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Genetically Modified Bacteria Conduct Electricity, Ushering in New Era of Green Electronics

Soil bacteria modified to conduct 2000 times as much electricity as that in untreated dirt

2 min read
Optical image of the electrodes fabricated by nano-imprint lithography. Nanoscale electrodes (50nm width with separation of 50nm) fan out to microscale patterns and eventually to the contact pads.
Optical image of the electrodes fabricated by nano-imprint lithography. Nanoscale electrodes (50nm width with separation of 50nm) fan out to microscale patterns and eventually to the contact pads.
Image: University of Massachusetts Amherst/Wiley-VCH

Researchers at the University of Massachusetts at Amherst have genetically modified common soil bacteria to produce nanowires capable of conducting electricity at a level that surprised even the scientists themselves. After years of skepticism that this was even theoretically possible, the practical demonstration could lead to a new generation of “green” electronics in which nanowires could be produced in plant waste, without the need for toxic chemicals.

The research, which was supported by the Office of Naval Research (ONR), goes back to a series of papers that Derek Lovley, a professor at UM Amherst, published back in 2011. Lovely overcame skeptics who claimed it was impossible for soil bacteria to conduct electricity. Brushing aside computer models indicating that it was impossible to make the bacteria into electrically conductive nanowires, Lovley demonstrated through experiments that it was indeed possible.

“Research like Dr. Lovley’s could lead to the development of new electronic materials to meet the increasing demand for smaller, more powerful computing devices,” said Linda Chrisey, a program officer in ONR’s Warfighter Performance Department, in a press release. “Being able to produce extremely thin wires with sustainable materials has enormous potential application as components of electronic devices such as sensors, transistors and capacitors.”

The bacteria that Lovley has used in his experiments are called Geobacters; they possess nanoscale protein filaments extending outward from their bodies. These protein filaments are the key to the bacteria’s growth, as they allow it to make electrical connections to the iron oxide contained in the soil where it lives. While these connections allow the Geobacter to survive, it was believed that they could never be made to conduct electricity to the extent that it would ever be useful for human interests, namely electronics.

To get the bacteria to perform that task, Lovley altered the bacteria’s genetic makeup by replacing two of its amino acids with tryptophan—that’s right, the chemical in turkey that supposedly makes us sleepy. Whether tryptophan actually makes us sleepy or not, it is remarkably good at transporting electrons at the nanoscale.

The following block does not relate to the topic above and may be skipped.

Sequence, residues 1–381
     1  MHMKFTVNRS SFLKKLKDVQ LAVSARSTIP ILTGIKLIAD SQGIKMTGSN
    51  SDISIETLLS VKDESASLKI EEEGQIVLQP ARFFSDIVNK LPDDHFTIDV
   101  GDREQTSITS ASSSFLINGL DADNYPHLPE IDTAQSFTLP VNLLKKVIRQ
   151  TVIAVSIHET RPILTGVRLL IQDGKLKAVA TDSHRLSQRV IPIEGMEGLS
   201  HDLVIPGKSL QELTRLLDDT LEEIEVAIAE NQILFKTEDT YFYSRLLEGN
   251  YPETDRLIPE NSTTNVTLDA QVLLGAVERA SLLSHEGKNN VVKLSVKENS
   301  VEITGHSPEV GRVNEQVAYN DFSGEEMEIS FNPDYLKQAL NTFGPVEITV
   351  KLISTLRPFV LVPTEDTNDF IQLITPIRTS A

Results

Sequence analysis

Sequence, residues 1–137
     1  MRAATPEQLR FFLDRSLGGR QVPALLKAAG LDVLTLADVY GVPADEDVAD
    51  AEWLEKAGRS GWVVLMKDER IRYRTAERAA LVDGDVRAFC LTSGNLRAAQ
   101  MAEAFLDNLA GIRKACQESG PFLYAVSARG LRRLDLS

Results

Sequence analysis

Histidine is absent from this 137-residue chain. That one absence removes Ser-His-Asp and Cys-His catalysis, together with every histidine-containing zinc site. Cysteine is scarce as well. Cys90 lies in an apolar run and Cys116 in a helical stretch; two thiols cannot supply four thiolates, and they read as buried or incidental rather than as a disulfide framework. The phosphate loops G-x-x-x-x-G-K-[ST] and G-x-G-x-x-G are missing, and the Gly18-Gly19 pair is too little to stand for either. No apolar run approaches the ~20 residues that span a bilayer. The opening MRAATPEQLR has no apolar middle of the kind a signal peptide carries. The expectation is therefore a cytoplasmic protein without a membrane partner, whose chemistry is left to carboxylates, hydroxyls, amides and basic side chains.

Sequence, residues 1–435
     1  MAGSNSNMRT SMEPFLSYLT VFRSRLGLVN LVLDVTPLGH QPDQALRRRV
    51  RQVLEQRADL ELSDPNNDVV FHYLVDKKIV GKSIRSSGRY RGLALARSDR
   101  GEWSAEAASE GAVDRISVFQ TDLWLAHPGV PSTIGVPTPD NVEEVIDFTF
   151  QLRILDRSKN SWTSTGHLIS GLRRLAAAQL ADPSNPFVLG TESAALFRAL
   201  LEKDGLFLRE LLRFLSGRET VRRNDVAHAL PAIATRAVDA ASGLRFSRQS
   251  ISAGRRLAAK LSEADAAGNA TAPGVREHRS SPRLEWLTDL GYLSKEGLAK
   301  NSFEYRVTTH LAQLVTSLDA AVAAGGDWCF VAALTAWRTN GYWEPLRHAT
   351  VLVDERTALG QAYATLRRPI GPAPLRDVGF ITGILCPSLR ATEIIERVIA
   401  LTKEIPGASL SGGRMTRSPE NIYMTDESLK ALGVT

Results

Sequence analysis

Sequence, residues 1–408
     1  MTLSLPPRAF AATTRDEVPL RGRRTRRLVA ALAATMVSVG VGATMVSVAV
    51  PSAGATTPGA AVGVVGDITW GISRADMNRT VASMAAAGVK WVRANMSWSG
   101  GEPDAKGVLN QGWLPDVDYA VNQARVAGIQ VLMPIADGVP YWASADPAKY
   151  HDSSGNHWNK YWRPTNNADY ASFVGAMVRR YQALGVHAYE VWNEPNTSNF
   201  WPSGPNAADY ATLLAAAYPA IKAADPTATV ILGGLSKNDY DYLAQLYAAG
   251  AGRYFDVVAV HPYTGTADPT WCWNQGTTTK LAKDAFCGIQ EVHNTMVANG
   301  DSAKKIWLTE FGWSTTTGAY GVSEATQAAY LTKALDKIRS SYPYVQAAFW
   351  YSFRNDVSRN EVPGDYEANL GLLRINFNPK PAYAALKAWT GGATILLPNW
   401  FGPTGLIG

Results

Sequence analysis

“As we learned more about how the microbial nanowires worked, we realized it might be possible to improve on nature’s design,” said Lovley. “We rearranged the amino acids to produce a synthetic nanowire that we thought might be more conductive. We hoped that Geobacter might still form nanowires and double their conductivity.”

In the latest research, described in the journal Small, Lovley and his colleagues were able to get these bacteria nanowires to perform beyond all expectations. The genetically modified bacteria were over 2,000 times as conductive as they were in their natural state. With the greater conductivity came two other new properties: greater durability and smaller size (the filaments’ diameters shrank to as little as 1.5 nanometers).

While applications for the bacteria-based nanowires could be as far ranging as digital electronics and medical sensors, the research was supported by the ONR, so military applications are likely going to be high on the priority list. ONR believes that the nanowires could prove useful in providing electrical currents to microbes that would in turn produce the fuel butanol.

Also, these nanowires could provide electricity to microbes that are placed on silicon chips and are used to detect chemicals, such as explosive materials.  

Lovley added: “This is an exciting time to be on the cutting edge of creating new types of electronics materials. The fact that we can do this with sustainable, renewable materials makes it even more rewarding.”

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Two Startups Are Bringing Fiber to the Processor

Avicena’s blue microLEDs are the dark horse in a race with Ayar Labs’ laser-based system

5 min read
Diffuse blue light shines from a patterned surface through a ring. A blue cable leads away from it.

Avicena’s microLED chiplets could one day link all the CPUs in a computer cluster together.

Avicena

If a CPU in Seoul sends a byte of data to a processor in Prague, the information covers most of the distance as light, zipping along with no resistance. But put both those processors on the same motherboard, and they’ll need to communicate over energy-sapping copper, which slow the communication speeds possible within computers. Two Silicon Valley startups, Avicena and Ayar Labs, are doing something about that longstanding limit. If they succeed in their attempts to finally bring optical fiber all the way to the processor, it might not just accelerate computing—it might also remake it.

Both companies are developing fiber-connected chiplets, small chips meant to share a high-bandwidth connection with CPUs and other data-hungry silicon in a shared package. They are each ramping up production in 2023, though it may be a couple of years before we see a computer on the market with either product.

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